REDMOND, Wash., Feb. 21, 2003 — Microsoft Corp. today announced plans for Windows ® Rights Management Services (RMS), a new technology for Windows Server 2003 that will give organizations advanced ways to help secure sensitive internal business information including financial reports and confidential planning documents. Windows Rights Management Services will work with applications to provide a platform-based approach to providing persistent policy rights for Web content and sensitive corporate documents of all types. Beta code for Windows Rights Management Services will be broadly available in the second quarter of 2003.
“Customers have told us they need better solutions to help safeguard their critical business information,”
said Mike Nash, corporate vice president of the Security Business Unit at Microsoft.
“What’s really compelling about Rights Management technology is that it enables businesses to protect the information they most worry might leak either deliberately or inadvertently by putting persistent protections in the documents themselves.”
Using Windows Rights Management Services, applications such as information portals, word processors or e-mail clients can be built so that users will be able to easily designate both who can have access to specific content and what kinds of access rights they can have. Rights and policy are managed by the server, while clients running RMS-enabled applications allow users to apply rights with a click of a button. For example, Windows Rights Management Services can be used to control forwarding, copying and printing, as well as establishing time-based expiration rules. In addition, enterprises can enforce policy broadly and reliably by centrally delivering templates that automate the process for example, making the policy around what constitutes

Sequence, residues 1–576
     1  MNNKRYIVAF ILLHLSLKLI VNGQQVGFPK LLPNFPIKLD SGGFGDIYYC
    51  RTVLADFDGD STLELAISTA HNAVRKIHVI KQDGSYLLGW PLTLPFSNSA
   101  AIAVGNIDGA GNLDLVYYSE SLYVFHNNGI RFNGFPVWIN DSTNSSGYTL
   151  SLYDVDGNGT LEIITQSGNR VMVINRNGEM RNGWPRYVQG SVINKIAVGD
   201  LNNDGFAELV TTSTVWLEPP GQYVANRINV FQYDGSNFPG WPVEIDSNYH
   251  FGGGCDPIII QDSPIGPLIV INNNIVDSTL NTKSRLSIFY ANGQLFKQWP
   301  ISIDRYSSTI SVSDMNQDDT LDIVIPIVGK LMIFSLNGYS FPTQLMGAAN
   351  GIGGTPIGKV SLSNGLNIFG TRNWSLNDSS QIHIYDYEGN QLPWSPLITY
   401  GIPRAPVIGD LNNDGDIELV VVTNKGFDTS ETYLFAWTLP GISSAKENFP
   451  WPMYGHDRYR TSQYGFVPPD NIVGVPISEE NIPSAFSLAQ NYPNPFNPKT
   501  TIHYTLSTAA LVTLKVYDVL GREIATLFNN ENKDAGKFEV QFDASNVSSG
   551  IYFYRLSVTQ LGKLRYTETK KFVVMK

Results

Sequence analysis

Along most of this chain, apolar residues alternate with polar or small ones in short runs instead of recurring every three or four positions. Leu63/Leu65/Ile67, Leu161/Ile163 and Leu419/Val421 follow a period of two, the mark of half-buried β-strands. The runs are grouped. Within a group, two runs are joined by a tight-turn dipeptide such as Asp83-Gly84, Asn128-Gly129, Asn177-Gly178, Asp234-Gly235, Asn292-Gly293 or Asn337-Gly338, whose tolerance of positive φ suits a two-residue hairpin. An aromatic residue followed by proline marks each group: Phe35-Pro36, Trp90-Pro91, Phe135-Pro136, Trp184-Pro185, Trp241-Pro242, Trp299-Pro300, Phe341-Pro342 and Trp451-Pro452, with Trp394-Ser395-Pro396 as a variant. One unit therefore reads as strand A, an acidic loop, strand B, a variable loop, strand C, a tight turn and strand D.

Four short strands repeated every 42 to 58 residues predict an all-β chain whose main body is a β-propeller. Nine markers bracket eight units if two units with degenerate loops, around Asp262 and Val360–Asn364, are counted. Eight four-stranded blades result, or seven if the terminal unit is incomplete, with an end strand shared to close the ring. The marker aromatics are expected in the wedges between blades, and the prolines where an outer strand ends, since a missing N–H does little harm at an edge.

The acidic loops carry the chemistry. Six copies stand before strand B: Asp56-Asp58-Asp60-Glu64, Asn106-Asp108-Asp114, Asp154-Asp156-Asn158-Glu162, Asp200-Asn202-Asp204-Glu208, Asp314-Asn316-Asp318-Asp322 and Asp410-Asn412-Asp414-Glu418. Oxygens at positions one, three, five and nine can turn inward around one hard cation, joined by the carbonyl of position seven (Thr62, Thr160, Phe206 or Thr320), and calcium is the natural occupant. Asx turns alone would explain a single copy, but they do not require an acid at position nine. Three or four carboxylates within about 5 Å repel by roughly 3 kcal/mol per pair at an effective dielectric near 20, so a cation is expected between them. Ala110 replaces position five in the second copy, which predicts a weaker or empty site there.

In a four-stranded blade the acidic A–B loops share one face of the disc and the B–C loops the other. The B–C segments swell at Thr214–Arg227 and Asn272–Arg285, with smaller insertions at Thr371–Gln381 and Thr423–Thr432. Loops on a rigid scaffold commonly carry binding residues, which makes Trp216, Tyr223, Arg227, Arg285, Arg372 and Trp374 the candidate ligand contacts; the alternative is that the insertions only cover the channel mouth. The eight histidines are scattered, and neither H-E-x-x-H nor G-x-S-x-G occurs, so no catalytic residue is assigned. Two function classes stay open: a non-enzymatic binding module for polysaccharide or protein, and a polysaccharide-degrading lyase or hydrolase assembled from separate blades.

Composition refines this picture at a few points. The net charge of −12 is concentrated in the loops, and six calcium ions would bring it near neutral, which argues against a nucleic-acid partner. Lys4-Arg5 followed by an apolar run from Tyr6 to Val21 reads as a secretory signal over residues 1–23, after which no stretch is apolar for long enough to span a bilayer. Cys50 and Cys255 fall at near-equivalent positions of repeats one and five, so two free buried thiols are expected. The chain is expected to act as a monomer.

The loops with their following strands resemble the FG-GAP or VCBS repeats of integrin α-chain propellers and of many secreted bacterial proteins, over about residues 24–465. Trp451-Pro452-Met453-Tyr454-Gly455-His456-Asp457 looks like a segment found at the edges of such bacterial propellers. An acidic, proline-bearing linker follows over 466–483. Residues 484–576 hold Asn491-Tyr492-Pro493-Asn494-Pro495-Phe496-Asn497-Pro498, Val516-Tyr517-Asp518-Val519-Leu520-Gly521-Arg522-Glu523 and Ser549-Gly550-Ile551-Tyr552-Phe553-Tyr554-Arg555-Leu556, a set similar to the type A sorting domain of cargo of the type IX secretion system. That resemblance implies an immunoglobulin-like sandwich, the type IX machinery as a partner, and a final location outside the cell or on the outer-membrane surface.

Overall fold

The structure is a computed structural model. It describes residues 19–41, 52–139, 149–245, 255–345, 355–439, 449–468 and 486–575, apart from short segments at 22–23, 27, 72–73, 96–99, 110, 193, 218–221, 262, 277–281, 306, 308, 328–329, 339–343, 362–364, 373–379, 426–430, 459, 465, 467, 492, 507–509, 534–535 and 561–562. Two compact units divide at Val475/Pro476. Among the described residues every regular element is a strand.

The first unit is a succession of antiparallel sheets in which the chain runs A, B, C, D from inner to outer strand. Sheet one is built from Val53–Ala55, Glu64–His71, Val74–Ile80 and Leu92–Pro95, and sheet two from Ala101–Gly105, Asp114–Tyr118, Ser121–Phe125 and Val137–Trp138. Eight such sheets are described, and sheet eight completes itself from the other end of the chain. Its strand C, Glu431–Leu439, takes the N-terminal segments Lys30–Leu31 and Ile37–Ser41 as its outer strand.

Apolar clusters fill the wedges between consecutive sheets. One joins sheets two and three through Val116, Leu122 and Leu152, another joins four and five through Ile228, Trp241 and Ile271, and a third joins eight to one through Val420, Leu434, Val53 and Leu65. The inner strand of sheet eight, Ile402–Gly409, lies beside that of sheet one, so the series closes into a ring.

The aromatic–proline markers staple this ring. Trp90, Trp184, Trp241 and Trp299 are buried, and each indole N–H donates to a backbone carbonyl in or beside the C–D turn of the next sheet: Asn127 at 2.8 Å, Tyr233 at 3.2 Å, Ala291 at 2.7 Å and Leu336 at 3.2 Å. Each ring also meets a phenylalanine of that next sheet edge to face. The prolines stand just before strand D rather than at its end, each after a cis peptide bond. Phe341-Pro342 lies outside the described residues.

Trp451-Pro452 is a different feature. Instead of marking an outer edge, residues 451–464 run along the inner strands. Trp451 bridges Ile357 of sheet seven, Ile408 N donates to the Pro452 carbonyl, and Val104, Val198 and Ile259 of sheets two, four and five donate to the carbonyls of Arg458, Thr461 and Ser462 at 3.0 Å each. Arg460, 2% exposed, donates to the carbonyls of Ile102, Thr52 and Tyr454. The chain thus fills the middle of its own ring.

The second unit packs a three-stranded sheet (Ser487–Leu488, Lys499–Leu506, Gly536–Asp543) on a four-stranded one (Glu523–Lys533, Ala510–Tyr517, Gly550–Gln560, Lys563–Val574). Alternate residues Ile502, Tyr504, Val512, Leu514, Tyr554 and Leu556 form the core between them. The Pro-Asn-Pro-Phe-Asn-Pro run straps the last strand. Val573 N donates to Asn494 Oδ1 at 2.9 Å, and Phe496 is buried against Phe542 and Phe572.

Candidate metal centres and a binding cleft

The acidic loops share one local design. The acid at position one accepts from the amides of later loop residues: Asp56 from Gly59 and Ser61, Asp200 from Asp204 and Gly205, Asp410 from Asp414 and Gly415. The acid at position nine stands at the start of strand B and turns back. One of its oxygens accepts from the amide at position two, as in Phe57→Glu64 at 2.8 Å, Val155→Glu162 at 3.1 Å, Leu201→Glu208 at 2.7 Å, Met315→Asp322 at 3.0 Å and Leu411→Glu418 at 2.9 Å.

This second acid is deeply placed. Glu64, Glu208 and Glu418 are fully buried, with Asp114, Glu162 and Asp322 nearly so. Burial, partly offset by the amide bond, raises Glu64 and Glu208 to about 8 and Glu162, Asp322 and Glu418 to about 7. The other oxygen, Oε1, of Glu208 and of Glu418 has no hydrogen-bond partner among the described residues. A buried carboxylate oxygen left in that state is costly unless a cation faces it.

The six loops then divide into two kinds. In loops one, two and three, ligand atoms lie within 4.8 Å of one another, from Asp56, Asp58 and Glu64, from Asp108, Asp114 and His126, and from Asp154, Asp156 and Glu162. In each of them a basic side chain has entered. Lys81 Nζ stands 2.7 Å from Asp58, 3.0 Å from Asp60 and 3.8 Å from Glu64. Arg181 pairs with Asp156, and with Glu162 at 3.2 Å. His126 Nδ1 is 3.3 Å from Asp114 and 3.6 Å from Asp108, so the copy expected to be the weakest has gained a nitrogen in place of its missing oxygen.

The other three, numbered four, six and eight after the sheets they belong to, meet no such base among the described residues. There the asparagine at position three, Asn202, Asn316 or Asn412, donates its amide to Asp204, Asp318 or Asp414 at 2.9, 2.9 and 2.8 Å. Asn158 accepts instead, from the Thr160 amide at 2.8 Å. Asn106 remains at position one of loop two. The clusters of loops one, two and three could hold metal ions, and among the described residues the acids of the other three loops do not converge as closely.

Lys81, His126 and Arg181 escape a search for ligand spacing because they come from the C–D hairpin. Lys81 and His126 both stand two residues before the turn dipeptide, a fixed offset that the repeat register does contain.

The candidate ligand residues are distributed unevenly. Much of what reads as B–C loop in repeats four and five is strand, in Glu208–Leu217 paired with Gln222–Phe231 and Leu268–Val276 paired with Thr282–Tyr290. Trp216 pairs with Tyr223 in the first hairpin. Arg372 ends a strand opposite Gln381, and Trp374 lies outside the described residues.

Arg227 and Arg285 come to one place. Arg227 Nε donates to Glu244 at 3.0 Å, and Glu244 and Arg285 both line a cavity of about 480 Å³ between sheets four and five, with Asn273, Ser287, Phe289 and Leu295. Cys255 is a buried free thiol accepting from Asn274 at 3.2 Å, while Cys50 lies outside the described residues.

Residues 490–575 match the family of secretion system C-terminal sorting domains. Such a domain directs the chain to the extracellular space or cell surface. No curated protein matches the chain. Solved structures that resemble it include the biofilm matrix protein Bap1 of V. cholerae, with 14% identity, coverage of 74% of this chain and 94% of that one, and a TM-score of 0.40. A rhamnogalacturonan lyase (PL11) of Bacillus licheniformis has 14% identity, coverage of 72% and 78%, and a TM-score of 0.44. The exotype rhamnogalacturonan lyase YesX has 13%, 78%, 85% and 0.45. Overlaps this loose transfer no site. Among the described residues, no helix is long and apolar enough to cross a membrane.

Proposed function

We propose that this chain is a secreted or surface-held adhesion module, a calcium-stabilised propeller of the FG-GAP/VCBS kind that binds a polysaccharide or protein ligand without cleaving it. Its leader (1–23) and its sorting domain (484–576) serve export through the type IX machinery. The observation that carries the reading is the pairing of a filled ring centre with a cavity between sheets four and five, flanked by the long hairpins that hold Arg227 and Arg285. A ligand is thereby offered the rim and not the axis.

uniform and easy to manage.
Because Windows Rights Management Services technology is an ASP.NET Web service built on the Microsoft® .NET Framework, it can more easily interoperate with business processes via Web services. RMS technology uses XrML (Extensible Rights Markup Language), an emerging standard for the expression of rights on digital content. Microsoft will release two software development kits in the second quarter of 2003 to enable developers to begin to build rights management capabilities into a broad range of intra-enterprise solutions and applications for Windows clients.
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More information about Windows Rights Management Services can be found at http://www.microsoft.com/windowsserver2003/rm/
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